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Proc Natl Acad Sci U S A. Jun 15, 1993; 90(12): 5695–5699.

Transovarial inheritance of endosymbiotic bacteria in clams inhabiting deep-sea hydrothermal vents and cold seeps.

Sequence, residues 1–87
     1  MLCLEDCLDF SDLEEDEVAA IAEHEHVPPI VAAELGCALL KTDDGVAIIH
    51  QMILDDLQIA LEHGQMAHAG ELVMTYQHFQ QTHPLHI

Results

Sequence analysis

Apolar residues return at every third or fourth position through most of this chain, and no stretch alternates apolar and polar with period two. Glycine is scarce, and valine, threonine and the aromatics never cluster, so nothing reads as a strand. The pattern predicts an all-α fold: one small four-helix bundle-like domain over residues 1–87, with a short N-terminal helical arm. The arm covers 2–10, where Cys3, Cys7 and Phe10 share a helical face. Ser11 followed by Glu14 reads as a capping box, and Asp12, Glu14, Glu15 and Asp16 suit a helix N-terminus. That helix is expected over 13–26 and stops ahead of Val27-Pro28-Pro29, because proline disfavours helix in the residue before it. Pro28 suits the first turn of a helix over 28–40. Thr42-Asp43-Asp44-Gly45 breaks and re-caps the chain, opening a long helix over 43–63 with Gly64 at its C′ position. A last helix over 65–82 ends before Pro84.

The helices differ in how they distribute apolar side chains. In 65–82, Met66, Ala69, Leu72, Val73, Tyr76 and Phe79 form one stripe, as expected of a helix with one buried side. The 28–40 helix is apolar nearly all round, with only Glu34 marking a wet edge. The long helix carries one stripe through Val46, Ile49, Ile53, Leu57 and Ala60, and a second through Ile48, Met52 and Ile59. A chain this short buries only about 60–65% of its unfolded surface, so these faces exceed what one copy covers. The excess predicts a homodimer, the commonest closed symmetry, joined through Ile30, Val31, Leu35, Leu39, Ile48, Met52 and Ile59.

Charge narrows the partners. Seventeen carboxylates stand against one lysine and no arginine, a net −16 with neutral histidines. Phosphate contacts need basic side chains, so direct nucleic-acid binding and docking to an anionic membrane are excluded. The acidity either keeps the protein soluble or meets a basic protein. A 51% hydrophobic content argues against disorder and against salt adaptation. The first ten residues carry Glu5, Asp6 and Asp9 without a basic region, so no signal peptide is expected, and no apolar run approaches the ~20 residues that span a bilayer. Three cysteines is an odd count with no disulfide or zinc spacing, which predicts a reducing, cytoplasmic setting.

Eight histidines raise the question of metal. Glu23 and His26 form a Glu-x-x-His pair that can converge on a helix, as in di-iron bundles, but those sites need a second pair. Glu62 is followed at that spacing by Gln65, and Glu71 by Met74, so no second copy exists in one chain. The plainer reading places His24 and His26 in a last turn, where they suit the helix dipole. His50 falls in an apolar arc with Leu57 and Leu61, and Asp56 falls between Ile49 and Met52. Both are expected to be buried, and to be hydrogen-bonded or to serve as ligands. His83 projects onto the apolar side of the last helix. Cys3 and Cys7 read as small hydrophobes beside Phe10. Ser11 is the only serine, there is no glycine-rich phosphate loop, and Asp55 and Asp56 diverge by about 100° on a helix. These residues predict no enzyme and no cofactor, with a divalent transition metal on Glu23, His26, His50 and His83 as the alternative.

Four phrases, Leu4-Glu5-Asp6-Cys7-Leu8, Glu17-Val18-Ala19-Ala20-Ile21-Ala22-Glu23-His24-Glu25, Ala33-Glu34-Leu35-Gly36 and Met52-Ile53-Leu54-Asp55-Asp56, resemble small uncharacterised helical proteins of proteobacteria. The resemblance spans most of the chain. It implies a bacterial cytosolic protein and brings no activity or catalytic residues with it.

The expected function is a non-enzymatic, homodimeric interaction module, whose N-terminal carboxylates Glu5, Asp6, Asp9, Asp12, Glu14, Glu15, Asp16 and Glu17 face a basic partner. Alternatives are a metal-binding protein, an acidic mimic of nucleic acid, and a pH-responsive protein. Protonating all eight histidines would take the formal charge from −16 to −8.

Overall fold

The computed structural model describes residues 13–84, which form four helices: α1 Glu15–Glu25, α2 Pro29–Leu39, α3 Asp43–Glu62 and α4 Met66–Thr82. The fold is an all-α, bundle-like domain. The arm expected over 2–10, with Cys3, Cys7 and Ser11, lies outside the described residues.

Vesicomyid clams are conspicuous fauna at many deep-sea hydrothermal-vent and cold-seep habitats. All species examined have specialized gill tissue harboring endosymbiotic bacteria, which are thought to provide the hosts' sole nutritional support. In these species mechanisms of symbiont inheritance are likely to be key elements of dispersal strategies. These mechanisms have remained unresolved because the early life stages are not available for developmental studies. A specific 16S rRNA-directed oligodeoxynucleotide probe (CG1255R) for the vesocomyid endosymbionts was used in a combination of sensitive hybridization techniques to detect and localize the endosymbionts in host germ tissues. Symbiont-specific polymerase chain reaction amplifications, comparative gene sequencing, and restriction fragment length polymorphisms were used to detect and confirm the presence of symbiont target in tissue nucleic acid extracts. Nonradioactive in situ hybridizations were used to resolve the position of the bacterial endosymbionts in host cells. Symbiont 16S rRNA genes were consistently amplified from the ovarial tissue of three species of vesicomyid clams: Calyptogena magnifica, C. phaseoliformis, and C. pacifica. The nucleotide sequences of the genes amplified from ovaries were identical to those from the respective host symbionts. In situ hybridizations to CG1255R labeled with digoxigenin-11-dUTP were performed on ovarial tissue from each of the vesicomyid clams. Detection of hybrids localized the symbionts to follicle cells surrounding the primary oocytes. These results suggest that vesicomyid clams assure successful, host-specific inoculation of all progeny by using a transovarial mechanism of symbiont transmission.

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